IF you go down to the multiplex today, you’re sure of there being no surprises.
Because when it comes down to it,
And yet, it is pointless to point this out, because every male (between the ages of 18 and 35) there ever there was, will gather there for certain because, today’s the day the smutty bear jokes about dick.
As already stated, the premise of Ted is actually rather genius, and that’s what makes the complete lack of originality in its delivery all the more disappointing.
The story, by MacFarlane and Family Guy writers Alec Sulkin and Wellesley Wild, takes the classic Hollywood staple of a man’s personal development derailed by a boorish childhood friend holding him back to a brilliantly subversive level; what if a lonely young boy made a Christmas wish that his teddy bear would come alive, and then what happens 27 years later when they’re all grown up?
Fart jokes, mostly, between bong hits, F-words and repeated references to acts of sexual depravity.
Bizarre non-sequiturs, allusions to pop culture of the 70s and 80s and choice cameos. It’s the story of a man and his sentient non-human companion living the life of Reilly, while his wet-blanket other half ( Mila Kunis bumped up from the role of Meg to Lois, only this time named Lori) puts up with it all in the name of love.
Was I expecting something else?
Yes, frankly, I was.
MacFarlane is a shrewd and brilliant satirist who has, across his animated canon of Family Guy, American Dad and The Cleveland Show, lampooned American and, more significantly, entertainment culture in perfect execution.
His writing, voice acting and direction on television have provided moments of surrealism, escapism and hilarity, while continuing to shock and appal audiences with ballsy no-holds-barred humour. This is the man who wrote an episode of Family Guy about its female lead becoming a surrogate mother, then aborting the baby when the biological parents die in a car crash.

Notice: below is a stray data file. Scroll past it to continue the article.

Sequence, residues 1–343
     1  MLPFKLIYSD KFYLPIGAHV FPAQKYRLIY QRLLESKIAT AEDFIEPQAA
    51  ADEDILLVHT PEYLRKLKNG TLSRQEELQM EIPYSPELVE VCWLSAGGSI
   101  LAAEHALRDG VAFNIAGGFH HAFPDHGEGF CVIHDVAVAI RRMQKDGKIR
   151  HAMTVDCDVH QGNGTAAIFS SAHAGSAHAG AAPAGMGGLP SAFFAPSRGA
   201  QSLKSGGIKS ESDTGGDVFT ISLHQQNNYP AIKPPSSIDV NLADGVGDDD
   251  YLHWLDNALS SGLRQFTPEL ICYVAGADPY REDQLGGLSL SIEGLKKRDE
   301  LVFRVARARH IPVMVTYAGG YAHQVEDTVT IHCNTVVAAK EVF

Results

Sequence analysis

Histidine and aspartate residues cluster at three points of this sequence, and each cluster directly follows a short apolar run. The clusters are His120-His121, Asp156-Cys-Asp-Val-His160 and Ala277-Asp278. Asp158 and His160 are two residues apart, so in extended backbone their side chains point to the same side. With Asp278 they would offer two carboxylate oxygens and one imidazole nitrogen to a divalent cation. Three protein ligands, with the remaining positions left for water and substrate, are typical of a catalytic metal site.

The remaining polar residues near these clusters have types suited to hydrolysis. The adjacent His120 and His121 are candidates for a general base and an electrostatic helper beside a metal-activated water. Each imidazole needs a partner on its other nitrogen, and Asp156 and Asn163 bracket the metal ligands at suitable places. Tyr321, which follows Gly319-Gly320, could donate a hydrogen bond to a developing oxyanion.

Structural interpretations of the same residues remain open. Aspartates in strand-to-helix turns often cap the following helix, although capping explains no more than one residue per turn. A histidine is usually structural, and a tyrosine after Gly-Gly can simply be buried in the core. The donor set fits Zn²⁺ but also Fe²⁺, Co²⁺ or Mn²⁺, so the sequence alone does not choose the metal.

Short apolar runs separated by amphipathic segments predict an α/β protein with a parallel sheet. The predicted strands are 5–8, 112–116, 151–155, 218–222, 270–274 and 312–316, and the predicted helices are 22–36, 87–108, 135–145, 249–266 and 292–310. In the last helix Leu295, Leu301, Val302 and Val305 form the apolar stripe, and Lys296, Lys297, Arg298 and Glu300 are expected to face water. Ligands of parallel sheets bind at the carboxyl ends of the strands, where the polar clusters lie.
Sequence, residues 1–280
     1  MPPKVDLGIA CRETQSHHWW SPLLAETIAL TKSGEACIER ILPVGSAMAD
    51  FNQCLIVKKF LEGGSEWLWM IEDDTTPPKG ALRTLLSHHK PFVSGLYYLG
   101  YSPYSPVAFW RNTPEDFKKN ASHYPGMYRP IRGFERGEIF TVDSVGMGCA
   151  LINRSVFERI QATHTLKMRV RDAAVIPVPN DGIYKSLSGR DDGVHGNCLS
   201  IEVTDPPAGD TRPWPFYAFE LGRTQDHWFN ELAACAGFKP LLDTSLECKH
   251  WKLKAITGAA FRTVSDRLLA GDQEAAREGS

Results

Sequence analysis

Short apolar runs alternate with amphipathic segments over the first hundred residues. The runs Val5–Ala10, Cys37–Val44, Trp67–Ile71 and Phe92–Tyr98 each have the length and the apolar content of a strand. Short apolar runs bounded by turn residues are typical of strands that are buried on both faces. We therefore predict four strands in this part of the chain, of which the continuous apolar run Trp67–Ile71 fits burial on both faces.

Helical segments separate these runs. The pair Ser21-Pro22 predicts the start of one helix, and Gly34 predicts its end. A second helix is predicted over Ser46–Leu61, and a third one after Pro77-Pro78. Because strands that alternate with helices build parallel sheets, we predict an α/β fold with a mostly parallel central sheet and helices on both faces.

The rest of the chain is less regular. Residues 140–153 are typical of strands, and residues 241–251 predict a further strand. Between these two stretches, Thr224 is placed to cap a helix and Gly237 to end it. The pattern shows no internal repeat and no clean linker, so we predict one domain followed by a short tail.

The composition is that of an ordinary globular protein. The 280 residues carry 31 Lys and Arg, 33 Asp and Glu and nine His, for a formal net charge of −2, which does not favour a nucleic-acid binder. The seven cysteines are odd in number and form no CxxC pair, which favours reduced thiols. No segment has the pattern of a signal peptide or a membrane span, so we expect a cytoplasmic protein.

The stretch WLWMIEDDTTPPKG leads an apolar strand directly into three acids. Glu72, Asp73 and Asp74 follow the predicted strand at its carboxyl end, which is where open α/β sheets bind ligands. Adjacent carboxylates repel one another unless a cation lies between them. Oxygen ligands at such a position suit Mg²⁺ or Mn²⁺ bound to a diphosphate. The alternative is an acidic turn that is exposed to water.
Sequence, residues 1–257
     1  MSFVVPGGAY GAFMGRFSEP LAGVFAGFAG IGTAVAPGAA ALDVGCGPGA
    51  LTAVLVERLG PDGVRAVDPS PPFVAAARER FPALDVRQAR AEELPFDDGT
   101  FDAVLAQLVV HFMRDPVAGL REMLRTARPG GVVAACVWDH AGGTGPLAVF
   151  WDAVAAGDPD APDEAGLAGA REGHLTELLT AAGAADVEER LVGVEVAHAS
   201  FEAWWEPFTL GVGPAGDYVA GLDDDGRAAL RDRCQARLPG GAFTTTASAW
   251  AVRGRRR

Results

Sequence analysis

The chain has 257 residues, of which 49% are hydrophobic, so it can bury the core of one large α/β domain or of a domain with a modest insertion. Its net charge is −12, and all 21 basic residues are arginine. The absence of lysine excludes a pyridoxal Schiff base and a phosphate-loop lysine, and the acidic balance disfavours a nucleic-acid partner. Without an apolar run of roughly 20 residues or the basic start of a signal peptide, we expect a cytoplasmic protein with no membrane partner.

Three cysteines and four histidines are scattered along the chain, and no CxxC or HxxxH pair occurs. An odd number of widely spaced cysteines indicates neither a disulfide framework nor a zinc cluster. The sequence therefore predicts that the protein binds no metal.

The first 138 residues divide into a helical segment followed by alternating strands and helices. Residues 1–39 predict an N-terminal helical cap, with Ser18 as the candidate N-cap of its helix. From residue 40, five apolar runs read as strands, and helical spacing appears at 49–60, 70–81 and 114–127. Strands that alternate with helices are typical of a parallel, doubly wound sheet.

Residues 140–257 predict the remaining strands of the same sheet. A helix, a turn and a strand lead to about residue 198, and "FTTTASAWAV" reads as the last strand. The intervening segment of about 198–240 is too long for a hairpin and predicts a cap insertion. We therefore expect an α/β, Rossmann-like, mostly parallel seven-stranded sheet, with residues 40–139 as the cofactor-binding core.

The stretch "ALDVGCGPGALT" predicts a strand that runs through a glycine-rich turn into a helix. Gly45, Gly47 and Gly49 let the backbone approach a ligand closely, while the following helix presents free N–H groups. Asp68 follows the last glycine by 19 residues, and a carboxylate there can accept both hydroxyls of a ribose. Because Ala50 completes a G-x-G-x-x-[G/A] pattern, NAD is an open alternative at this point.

Ted, rated 16, thinks it can get by purely by replacing the more audacious aspects of MacFarlane’s animated personae with cursing and sex jokes.
What is initially crude and shockingly rude very quickly becomes crude and shockingly rudimentary, the film following the kind of asinine arc that even 14 year-olds who sneak in will have seen a thousand times before.
Will Mark Wahlberg’s John, the straight man who loves letting Ted get him into trouble, learn a lesson about maturity when his actions knowingly go against the specific agreements he’s made with Lori?
Will there be wildly broad jokes at the expense of racial and sexual stereotypes? Are all the best jokes in the trailer? You betcha.
The film is an overly long episode of Family Guy, and a weaker one at that. What works in animation plods along in live action.
The supporting cast, admittedly with the exception of one fantastic cameo that flashes with retro pastiche, are largely forgotten.
Community’s Joel McHale, a cult star in his own right, barely features as Lori’s lecherous boss and is mostly left flailing about on screen with yet another fart joke.
Much has been written of the fantastic CGI rendering and motion capture performance of Ted – but a puppet would have been easier, and as recently seen in The Muppets, funnier.
That Ted started out as the framework for another animated sitcom should come as no surprise; MacFarlane has cornered the market of man and talking creature comedy since 1999. Stick with the Family Guy boxset instead.